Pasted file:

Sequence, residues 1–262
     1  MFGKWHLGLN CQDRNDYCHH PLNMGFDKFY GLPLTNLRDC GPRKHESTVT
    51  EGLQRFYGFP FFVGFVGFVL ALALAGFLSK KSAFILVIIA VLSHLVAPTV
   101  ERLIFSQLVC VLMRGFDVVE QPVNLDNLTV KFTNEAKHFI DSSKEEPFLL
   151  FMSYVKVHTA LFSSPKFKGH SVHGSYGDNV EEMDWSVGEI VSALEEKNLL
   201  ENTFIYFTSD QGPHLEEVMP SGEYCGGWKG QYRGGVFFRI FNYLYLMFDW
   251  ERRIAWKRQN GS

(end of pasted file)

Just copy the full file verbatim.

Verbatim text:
Sequence, residues 1–262
     1  MFGKWHLGLN CQDRNDYCHH PLNMGFDKFY GLPLTNLRDC GPRKHESTVT
    51  EGLQRFYGFP FFVGFVGFVL ALALAGFLSK KSAFILVIIA VLSHLVAPTV
   101  ERLIFSQLVC VLMRGFDVVE QPVNLDNLTV KFTNEAKHFI DSSKEEPFLL
   151  FMSYVKVHTA LFSSPKFKGH SVHGSYGDNV EEMDWSVGEI VSALEEKNLL
   201  ENTFIYFTSD QGPHLEEVMP SGEYCGGWKG QYRGGVFFRI FNYLYLMFDW
   251  ERRIAWKRQN GS